I’ve often referred to Canadian Imperial Bank of Commerce (TSX:CM)(NYSE:CM) as the “best bank for your buck.” CIBC stock has consistently traded at a considerable discount relative to its Big Five peers in spite of the remarkable improvements that management has made over the last few years to transform CIBC into a more robust, geographically diversified bank.
Now, as you’re probably well aware, just because a stock is cheap based on valuation multiples (P/E, P/B, P/S, P/CF, and the like) doesn’t mean it’s undervalued or trading at a discount to its intrinsic value. Nine times out of 10, a cheap stock is cheap for a very good reason, and in an efficient market, there’s often no bargain to be had with such names.
CIBC, I believe, is one of the few perennial cheap plays that actually deserves of a higher multiple. The bank still has the highest exposure to Canada’s frothy housing market and the lowest magnitude of geographic diversification relative to its bigger brothers, but I’m sure you can agree that today’s CIBC is a heck of a lot stronger and more robust than the CIBC that got caught with its pants down prior to the Great Recession or even the CIBC from five years ago.
The single source of failure, Canada’s “house of cards” housing market is still a major risk for CIBC shareholders, but this risk, I believe, is deteriorating every year as management continues to push into the U.S. market as its Canadian mortgage growth rate continues to slow.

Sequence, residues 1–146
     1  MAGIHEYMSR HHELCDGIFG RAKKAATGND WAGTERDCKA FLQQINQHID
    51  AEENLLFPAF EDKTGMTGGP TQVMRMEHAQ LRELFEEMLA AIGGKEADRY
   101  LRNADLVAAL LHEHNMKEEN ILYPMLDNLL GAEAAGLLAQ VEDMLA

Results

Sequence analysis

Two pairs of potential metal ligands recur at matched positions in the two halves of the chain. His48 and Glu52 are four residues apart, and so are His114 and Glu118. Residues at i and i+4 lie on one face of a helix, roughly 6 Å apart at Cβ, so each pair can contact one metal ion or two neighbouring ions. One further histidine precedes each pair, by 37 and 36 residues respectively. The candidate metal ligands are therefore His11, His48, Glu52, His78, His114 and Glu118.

Many pundits were critical of CIBC’s expensive PrivateBancorp acquisition a few years ago, and as the company continues to beef up its business south of the border, one can only expect more pessimism from investors as any further U.S. tuck-in acquisitions will undoubtedly come with a premium price tag.
There’s no question that CIBC’s playing catch up when it comes to geographic diversification, but better late than never! The U.S. business has been a bright spot for CIBC, and over the next five years, one can only expect that the bank will become more like a Bank of Montreal with regard to its mix of Canadian and U.S. segments.
In the meantime, analysts will be critical of CIBC’s slowed mortgage growth and any future U.S. tuck-in deals that will be deemed “expensive.”
Investors have disliked CIBC stock because of its overexposure to Canadian housing and its lack of a meaningful international outlet, but now that CIBC has made moves to improve upon itself in these two areas of concern, investors are still as pessimistic as ever.
It appears that CIBC can’t win no matter what it does, but as management continues to drive efficiencies to further improve upon its more diversified growth runway, I’m a firm believer that the company will gradually shed its “permanent discount” in the Canadian banking scene.
I’d treat the recent Q4 2018 miss, which saw a decline in U.S.banking earnings, as an opportunity to pick up CIBC shares, which now yield nearly 5%. If you’ve got a long-term time horizon, tuck the stock in your TFSA and get paid as you wait for management to iron out the wrinkles in PrivateBancorp. At just 8.8 times forward earnings, CIBC still looks like the best Canadian bank for your buck.
Stay hungry. Stay Foolish.